Villages 1000x586

Seven villages lie within the boundary of Yukon Flats Refuge. Residents of these communities have a long history of harvesting the region's natural resources for subsistence purposes, and they continue to hunt, fish, trap, pick berries, and cut house logs on the refuge. These villages, as well as the Native regional corporation, Doyon Ltd., own approximately 2.5 million acres of land within the boundaries of the Yukon Flats National Wildlife Refuge. These lands were conveyed to the Native peoples under the Alaska Native Claims Settlement Act (ANCSA) enacted in 1971. Native residents of the seven villages are also represented by a non-profit organization known as the Tanana Chiefs Conference. 

*Population numbers are from the 2010 US Census 

  • Beaver

    Population: 84*, predominantly Gwitchin/Koyukon Athabascan Indian and Inupiat Eskimo   

    Location: North side of the Yukon River, 60 miles SW of Fort Yukon and 110 miles N of Fairbanks

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  • Birch Creek

    Population: 33*, predominantly Dendu Gwich'in Athabascans 

    Location: Birch Creek, 26 miles SW of Fort Yukon

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  • Chalkyitsik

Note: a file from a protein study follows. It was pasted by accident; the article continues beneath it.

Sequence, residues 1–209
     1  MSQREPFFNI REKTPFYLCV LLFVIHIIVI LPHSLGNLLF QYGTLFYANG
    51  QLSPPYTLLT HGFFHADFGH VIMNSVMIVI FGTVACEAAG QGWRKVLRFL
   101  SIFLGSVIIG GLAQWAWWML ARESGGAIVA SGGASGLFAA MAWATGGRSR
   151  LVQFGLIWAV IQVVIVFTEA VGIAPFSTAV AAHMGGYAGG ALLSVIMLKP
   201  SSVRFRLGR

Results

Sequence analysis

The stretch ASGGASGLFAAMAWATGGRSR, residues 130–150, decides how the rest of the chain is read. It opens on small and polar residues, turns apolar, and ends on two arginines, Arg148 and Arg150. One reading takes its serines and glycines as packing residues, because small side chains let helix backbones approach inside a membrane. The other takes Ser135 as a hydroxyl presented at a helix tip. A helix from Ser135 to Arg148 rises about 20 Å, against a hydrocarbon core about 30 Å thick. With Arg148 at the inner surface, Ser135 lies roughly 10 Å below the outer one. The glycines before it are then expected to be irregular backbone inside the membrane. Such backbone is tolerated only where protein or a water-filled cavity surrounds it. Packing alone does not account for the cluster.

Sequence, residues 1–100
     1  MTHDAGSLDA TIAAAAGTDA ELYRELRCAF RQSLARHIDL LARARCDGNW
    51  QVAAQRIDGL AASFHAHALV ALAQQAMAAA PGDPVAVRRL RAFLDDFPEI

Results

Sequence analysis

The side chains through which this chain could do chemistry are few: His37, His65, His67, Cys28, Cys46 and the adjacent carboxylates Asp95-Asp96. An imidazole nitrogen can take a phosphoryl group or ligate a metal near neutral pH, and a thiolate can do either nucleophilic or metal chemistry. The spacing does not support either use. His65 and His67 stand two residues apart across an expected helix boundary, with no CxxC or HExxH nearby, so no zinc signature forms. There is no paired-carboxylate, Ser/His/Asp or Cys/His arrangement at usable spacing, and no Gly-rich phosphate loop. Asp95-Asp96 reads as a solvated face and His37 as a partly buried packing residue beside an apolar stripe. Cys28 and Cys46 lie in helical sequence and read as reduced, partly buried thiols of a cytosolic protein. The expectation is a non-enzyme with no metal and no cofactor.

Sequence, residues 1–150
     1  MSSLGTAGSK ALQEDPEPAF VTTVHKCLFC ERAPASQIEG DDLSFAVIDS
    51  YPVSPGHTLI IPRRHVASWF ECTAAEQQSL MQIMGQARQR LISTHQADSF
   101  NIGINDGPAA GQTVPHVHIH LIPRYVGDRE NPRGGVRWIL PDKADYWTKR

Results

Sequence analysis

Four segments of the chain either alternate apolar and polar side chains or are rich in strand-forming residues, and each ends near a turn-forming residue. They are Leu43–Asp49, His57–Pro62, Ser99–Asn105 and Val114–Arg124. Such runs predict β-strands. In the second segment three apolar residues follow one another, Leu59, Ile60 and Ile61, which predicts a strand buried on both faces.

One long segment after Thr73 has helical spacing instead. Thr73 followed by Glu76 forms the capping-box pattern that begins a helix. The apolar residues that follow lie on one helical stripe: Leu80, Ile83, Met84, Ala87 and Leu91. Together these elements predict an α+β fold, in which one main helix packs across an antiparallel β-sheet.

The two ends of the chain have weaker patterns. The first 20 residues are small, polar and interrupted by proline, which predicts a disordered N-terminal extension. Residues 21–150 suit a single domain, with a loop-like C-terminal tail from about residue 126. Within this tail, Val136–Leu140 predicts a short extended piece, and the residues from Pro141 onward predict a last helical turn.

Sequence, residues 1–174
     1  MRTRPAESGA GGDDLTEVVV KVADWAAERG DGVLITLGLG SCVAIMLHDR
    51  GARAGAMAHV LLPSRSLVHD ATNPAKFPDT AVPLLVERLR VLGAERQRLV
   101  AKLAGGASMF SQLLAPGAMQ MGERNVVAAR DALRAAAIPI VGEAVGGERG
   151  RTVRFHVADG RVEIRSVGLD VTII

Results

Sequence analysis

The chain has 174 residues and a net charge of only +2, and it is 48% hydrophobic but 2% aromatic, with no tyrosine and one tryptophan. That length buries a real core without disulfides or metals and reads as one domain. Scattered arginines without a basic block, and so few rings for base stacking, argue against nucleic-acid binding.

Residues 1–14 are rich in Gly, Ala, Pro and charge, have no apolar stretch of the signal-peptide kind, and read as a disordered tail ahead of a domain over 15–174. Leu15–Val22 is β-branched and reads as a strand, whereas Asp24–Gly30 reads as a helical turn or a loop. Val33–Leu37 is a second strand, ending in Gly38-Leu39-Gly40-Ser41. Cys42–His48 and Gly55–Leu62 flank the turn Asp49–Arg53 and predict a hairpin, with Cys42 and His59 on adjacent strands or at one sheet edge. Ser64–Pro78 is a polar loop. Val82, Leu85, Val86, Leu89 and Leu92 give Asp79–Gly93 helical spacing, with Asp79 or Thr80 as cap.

Population: 69*, predominantly Gwich'in Athabascan 

    Location: Black River, 50 miles E of Fort Yukon 

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  • Circle

    Population: 104*, predominantly Athabascan  

    Location: South bank of the Yukon River, 160 miles NE of Fairbanks

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  • Gwichyaa Zhee (Fort Yukon)

    Population: 539*, predominantly Gwich'in Athabascan 

    Location: Confluence of the Yukon and Porcupine river, 145 miles NE of Fairbanks

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  • Stevens Village

    Population: 78*, predominantly Koyukon Athabascans

    Location: North bank of the Yukon River, 17 miles upriver from the Dalton Highway Bridge, 90 miles NW of Fairbanks

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  • Venetie

    Population: 166*, predominantly Gwich’in 

    Location: Chandalar River, 45 miles NW of Fort Yukon 

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